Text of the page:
Tonawanda News — Kenmore native Tim Johnson didn’t have the stereotypical tormented writer experience when he wrote his first novel, crime thriller, “Savannah.”
There were no late nights and long days filled with writer’s block, a fact some writers might be envious of.
But that doesn’t mean Tim, who has lived in Toronto for the past 10 years, didn’t work hard to complete the book about a man in dire straits after he’s unable to pay some gambling debts he owes.
Tim, who has worked as an elementary school teacher for the past 11 years, never had much of a desire to be a writer growing up, or even once he went to college. It was just something he started doing about five years ago — he wrote amusing little short stories to keep his cousin entertained during his long hours in an IT job.
Slowly he started showing more and more of his work to friends and family, culminating in the short story that was the basis for “Savannah.” Enough people showed interest that he decided to expand the story into a novel.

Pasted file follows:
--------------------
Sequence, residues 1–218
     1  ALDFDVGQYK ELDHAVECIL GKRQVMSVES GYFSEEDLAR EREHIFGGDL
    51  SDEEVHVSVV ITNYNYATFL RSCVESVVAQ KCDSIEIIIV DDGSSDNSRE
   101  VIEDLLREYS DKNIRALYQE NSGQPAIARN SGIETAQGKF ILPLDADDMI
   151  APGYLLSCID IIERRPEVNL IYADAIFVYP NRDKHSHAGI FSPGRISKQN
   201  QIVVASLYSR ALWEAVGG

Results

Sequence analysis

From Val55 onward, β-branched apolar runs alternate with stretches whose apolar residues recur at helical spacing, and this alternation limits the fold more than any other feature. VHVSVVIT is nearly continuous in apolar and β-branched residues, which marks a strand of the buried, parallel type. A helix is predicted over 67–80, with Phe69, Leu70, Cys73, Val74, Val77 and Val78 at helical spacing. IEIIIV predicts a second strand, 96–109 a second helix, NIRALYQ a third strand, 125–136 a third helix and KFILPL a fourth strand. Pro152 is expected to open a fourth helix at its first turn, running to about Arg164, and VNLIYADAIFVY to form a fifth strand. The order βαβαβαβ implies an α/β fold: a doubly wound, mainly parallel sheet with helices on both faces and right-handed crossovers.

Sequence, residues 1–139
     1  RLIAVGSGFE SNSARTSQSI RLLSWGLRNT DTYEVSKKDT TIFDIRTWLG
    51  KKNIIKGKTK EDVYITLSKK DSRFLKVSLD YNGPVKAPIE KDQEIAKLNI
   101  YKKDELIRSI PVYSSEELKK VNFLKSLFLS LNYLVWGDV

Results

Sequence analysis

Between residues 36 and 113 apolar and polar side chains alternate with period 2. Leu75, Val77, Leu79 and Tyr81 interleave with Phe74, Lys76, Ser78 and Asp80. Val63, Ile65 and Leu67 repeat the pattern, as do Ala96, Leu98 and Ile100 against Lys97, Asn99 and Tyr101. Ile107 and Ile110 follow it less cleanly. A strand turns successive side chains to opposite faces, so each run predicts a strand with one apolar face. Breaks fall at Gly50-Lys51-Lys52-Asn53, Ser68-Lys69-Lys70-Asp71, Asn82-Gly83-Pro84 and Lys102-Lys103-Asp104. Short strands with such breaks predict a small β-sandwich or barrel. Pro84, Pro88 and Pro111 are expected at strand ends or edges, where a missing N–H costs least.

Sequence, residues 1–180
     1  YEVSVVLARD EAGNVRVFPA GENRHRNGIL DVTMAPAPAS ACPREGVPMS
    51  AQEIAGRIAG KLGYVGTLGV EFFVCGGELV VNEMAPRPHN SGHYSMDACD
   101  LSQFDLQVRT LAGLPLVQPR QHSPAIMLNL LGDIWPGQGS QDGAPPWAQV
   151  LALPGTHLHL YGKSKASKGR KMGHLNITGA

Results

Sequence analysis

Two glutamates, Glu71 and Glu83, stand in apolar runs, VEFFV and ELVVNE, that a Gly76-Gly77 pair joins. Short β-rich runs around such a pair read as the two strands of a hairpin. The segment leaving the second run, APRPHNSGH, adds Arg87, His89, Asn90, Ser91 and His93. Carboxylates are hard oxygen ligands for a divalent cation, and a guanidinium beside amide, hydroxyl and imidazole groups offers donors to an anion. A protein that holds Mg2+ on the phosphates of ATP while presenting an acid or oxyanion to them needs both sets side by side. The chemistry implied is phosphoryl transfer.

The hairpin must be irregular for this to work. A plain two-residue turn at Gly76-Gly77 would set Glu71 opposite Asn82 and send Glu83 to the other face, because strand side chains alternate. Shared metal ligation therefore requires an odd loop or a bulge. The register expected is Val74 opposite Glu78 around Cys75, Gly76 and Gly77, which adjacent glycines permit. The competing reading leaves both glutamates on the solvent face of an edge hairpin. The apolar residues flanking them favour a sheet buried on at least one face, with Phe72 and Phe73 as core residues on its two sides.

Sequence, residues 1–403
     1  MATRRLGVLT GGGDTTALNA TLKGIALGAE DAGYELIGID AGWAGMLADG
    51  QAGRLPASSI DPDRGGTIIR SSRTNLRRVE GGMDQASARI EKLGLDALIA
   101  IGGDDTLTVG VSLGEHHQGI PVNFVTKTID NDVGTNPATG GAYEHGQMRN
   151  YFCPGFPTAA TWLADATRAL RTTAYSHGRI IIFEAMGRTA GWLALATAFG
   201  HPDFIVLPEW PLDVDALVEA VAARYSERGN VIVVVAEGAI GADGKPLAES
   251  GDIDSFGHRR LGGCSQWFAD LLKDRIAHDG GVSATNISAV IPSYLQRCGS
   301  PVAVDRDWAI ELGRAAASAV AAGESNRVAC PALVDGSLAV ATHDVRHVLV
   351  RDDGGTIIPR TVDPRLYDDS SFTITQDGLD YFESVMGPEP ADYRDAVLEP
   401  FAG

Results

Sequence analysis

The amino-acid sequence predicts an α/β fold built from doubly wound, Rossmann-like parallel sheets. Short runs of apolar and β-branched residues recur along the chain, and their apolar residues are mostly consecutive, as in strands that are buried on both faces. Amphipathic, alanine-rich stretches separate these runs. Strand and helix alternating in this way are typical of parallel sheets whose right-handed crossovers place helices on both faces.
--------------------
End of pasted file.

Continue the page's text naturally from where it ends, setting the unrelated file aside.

“Two summers ago I sat down and literally everyday I wrote,” Tim said. “I would write for 2 or 3 hours until my mind went numb and my writing got sloppy. I had never written anything like that ... 104,000 words.”
“But I found that when I’m at home and it’s just me and it’s quiet I can really get going,” he said, adding that he kept thinking, “This is fun, I’m having fun.”
He described the first draft as “rough and sloppy,” so with the help of a co-worker, and now, personal editor, he rewrote “literally every sentence.”
Tim could have spent his summers off from school hanging out with friends or doing fun, outdoor activities, but he said he was inspired by his grandmother, Dorothea Johnson, of Kenmore, to keep at it each day and finish the job.